Bilisik (2000) developed multiaxis 3D circular woven fabric, method and machine. The preform is basically composed of the multiple axial and radial yarns, multiple circumferential and the ±bias layers as shown in Figure 25. The axial yarns (warp) are arranged in a radial rows and circumferential layers within the required cross-sectional shape. The ±bias yarns are placed at the outside and inside ring of the cylinder surface.
The filling (circumferential) yarns lay the between each warp yarn helical corridors. The radial yarns (Z-fiber) locks the all yarn sets to form the cylindrical 3D preform. A cylindrical preform can be made thin and thick wall section depending upon end-use requirements.

A process has been designed based on the 3D braiding principle. It has machine bed, ±bias and filling ring carrier, radial braider, warp creel and take-up. After the bias yarns are oriented at ±45° to each other by the circular shedding means on the surface of the preform, the carriers rotate around the adjacent axial layers to wind the circumferential yarns. The radial yarns are inserted to each other by the special carrier units and locked the circumferential yarn layers with the ±bias and axial layers all together. A take-up system removes the structure from the weaving zone. This describes one cycle of the operation to weave the multiaxial 3D circular woven preform. It is expected that the torsional properties of the preform could be improved because of the bias yarn layers.


Fig. 25. The unit cell of multiaxis 3D circular woven fabric (a), Multiaxis 3D aramid circular woven fabric (b) and the weaving loom (c) (Bilisik, 2000; Bilisik, 2010c).

  • Multiaxis 3D knitted fabric

Wilkens (1985) introduced a multiaxis warp knit fabric for Karl Mayer Textilmaschinenfabric GmbH. The multiaxis warp knit machine which produces multiaxis warp knit fabric has been developed by Naumann and Wilkens (1987). The fabric has warp (0° yarn), filling (90° yarn), ±bias yarns and stitching yarns as shown in Figure 26. The machine includes ±bias beam, ±bias shifting unit, warp beam feeding unit, filling laying-in
unit and stitching unit. After the bias yarn rotates one bias yarn distance to orient the fibers, the filling lays-in the predetermined movable magazine to feed the filling in the knitting zone. Then the warp ends are fed to the knitting zone and the stitching needle locks the all yarn sets to form the fabric. To eliminate the bias yarn inclination in the feeding system, machine bed rotates around the fabric. The stitching pattern, means tricot or chain, can be arranged for the end-use requirements.

Hutson (1985) developed a fabric which is similar to the multiaxis knitted fabric. The fabric has three sets of yarns: ±bias and filling (90° yarn) and the stitching yarns lock all the yarn sets to provide structural integrity. The process basically includes machine track, lay down fiber carrier, stitching unit, fiber feeding and take-up. The +bias, filling and –bias are laid according to yarn layer sequence in the fabric. The pinned track delivers the layers to the stitching zone. A compound needle locks the all yarn layers to form the fabric.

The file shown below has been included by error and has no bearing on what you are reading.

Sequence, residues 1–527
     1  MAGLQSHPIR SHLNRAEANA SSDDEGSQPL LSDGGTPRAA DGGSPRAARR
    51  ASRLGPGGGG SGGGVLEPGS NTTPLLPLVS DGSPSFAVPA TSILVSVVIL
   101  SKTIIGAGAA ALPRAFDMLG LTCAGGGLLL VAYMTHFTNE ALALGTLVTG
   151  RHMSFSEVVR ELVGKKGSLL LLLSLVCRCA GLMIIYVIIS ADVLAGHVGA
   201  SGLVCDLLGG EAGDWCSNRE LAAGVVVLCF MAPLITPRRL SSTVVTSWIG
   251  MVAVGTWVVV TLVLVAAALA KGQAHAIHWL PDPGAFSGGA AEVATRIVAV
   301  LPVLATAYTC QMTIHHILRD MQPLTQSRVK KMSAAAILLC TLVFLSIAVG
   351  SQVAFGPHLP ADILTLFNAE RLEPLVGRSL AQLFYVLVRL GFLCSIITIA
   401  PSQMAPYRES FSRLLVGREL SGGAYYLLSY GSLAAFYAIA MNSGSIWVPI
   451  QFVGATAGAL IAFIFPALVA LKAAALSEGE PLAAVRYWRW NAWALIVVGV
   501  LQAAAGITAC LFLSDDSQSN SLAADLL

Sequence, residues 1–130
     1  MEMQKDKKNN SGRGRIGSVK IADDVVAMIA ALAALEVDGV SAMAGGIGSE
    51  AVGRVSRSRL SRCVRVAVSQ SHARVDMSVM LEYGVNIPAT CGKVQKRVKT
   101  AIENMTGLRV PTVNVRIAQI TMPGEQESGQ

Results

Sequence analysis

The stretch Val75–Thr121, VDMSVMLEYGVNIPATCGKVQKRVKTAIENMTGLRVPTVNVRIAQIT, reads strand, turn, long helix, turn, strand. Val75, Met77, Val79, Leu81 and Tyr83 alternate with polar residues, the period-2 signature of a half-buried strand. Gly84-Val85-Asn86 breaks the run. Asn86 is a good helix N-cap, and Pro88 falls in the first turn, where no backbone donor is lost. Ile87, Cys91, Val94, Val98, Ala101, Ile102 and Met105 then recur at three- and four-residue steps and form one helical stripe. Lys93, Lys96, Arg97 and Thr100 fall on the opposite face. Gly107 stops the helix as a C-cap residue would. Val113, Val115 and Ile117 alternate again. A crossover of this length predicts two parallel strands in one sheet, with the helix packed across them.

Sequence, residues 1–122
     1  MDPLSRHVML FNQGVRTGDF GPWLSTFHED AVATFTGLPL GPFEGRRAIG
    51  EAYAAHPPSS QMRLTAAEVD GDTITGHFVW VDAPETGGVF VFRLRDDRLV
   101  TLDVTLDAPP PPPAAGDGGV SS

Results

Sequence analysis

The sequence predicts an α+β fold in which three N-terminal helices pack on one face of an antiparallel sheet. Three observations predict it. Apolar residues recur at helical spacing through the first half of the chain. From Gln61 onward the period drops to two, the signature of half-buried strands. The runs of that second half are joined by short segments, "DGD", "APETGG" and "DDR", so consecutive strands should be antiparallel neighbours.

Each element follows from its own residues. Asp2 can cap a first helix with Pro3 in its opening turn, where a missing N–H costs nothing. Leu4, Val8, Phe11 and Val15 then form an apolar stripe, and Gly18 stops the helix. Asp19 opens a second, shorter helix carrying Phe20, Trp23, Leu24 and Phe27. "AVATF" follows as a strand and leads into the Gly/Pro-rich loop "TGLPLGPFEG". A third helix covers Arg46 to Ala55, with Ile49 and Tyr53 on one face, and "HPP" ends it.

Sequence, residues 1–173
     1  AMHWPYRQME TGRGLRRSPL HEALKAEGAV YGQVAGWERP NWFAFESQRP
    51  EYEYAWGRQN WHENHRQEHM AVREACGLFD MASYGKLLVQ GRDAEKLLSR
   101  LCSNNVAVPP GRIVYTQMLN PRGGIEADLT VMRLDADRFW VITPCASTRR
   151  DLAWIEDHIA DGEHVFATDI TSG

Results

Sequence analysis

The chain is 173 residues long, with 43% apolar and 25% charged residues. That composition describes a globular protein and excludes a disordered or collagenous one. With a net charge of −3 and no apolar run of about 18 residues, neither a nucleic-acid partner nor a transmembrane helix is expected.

Fig. 26. Top and side views of multiaxis warp knit fabric (a) (Wilkens, 1985), bias indexing mechanism (b), warp knitting machine (c) (Naumann and Wilkens, 1987).

Wunner (1989) developed the machine produces the fabric called multiaxis warp knit for Liba GmbH. It has four yarn sets: ±bias, warp and filling (90° yarn) and stitching yarn. All layers are locked by the stitching yarn in which tricot pattern is used as shown in Figure 27. The process includes pinned conveyor bed, fiber carrier for each yarn sets, stitching unit, yarn creels and take-up.


Fig. 27. Warp knit structure (a), stitching unit (b) and warp knit machine (c) (Wunner, 1989).

A multiaxis warp knit/braided/stitching type structure for aircraft wing-box has been developed by NASA/BOEING. The multiaxis warp knit fabric is sequence and cuts from 2 to 20 layers to produce a complex aircraft wing skin structure. Then, a triaxial braided tube is collapsed to produce a stiffener spar. All of them are stitched by the multi-head stitching machine which was developed by Advanced Composite Technology Programs. The stitching density is 3 columns/cm. The complex contour shape can be stitched according to requirements as shown in Figure 28. When the carbon dry preform is ready, resin film
infusion technique is used to produce the rigid composites. In this way, 25 % weight reduction and 20 % cost savings can be achieved for aircraft structural parts. In addition, the structures have high damage tolerance properties (Dow and Dexter, 1997).


Fig. 28. Warp knit structure (a), multilayer stitched warp knit structure (b), layeringstitching- shaping (c) and application in airplane wing structure (d) (Dow and Dexter, 1997).

Double-layer fabrics produced on the face-to-face principle